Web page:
To read more, click here.


Regional WA


The 2021-22 Budget contained a mixed bag of spending across a range of programs and initiatives in regional WA

The headline figures included $4.2 billion in spending under the Royalties for Regions program, and a record $9.1 billion investment in regional infrastructure (a portion of which will be funded through Royalties for Regions).

The focus was on delivering election commitments and creating jobs in the regions, with many
of the announcements related to priority areas such as health, transport, economic development
and education.  
The investment in regional mental health services and infrastructure is welcome news, given
that access to these services has been difficult for many regional communities.

To read more, click here.


Forest Industry Transition


Logging of South-West native forests to end from 2024 with $350 million for new softwood plantations and a $50 million Just Transition Plan

The 2021-22 State Budget includes a $350 million investment over 10 years in new softwood plantations across the South-West, coming at the same time as the announcement that logging of South-West native forests will be protected from 2024.

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The Budget confirmed a commitment of $14 million from Financial Years 2021–22 to 2024-25.

The 2021-22 Budget confirmed the Government’s election commitment of $14 million over the 2021–22 to 2024‑25 financial years to implement the ban on electronic waste to landfill. This includes a grant funding program of $10.1 million. 

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Planning Reform and Funding for Regulatory Approvals


$120m investment in additional frontline officers and funding commitment to planning reform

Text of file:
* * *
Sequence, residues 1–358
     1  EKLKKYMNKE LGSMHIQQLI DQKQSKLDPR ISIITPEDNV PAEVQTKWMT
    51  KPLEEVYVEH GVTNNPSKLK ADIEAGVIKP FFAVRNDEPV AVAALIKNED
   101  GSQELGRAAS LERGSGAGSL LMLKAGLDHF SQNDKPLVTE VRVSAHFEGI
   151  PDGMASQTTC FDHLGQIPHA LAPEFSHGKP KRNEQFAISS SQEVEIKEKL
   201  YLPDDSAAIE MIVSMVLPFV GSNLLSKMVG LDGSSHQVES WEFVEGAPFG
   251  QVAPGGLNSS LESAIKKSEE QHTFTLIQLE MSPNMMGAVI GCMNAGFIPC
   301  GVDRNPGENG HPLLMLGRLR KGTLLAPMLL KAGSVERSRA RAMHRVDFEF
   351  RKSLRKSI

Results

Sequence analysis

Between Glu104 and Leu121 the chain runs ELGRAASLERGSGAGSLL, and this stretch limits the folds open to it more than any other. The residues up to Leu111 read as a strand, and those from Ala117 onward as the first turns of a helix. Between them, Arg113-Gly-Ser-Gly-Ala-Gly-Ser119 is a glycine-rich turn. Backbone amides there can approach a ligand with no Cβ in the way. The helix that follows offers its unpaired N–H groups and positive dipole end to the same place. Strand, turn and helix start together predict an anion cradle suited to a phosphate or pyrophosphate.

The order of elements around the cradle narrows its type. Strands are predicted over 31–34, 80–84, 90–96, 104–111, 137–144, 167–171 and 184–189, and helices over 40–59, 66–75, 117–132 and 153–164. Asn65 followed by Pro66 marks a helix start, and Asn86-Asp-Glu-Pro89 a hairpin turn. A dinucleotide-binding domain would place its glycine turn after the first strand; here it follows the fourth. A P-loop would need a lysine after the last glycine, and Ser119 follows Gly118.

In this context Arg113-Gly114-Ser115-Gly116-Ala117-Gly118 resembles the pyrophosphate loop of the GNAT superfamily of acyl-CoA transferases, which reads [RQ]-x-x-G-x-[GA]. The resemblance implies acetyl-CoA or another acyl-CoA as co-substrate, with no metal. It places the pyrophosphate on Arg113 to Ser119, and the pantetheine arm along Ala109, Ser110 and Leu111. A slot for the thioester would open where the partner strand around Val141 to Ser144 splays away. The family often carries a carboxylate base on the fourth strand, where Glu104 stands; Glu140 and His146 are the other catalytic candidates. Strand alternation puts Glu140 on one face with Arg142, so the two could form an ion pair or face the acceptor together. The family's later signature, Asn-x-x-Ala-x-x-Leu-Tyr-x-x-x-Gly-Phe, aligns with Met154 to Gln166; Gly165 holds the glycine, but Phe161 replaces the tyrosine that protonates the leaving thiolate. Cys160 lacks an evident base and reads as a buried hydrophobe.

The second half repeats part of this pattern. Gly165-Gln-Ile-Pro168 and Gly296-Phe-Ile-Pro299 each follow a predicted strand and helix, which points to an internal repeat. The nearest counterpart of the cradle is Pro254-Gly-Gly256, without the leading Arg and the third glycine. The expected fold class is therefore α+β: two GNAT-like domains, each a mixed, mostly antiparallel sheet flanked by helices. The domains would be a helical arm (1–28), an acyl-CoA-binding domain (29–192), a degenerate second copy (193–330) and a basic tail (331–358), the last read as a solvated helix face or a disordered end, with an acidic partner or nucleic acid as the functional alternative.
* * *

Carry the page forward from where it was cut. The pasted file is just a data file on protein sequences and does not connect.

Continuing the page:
The State Government as part of the 2021-22 State Budget has announced a considerable investment in additional officers tasked with regulatory approval roles across a range of portfolios. In total an additional 150 new frontline roles will be created.

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Local Government Sector Support


No funding for IR transition

It is disappointing to note that there is no funding in the 2021-22 State Budget to assist Local Governments with the cost of transitioning to the State Industrial Relations System, without imposing an additional financial burden on ratepayers.

The State Government is seeking to have all Local Governments operate in the State Industrial Relations System based on recommendations made in the 2019 Ministerial Review of the State Industrial Relations System. If legislation to mandate the transition is reintroduced into Parliament, it will be critical for Local Governments to secure State Government funding, resourcing and assistance to ensure the transition is smooth and positive for Local Government employees, and to minimise the financial impact on ratepayers.

To read more, click here.

For more information, please contact WALGA Manager, Strategic Projects and Economics, Dana Mason.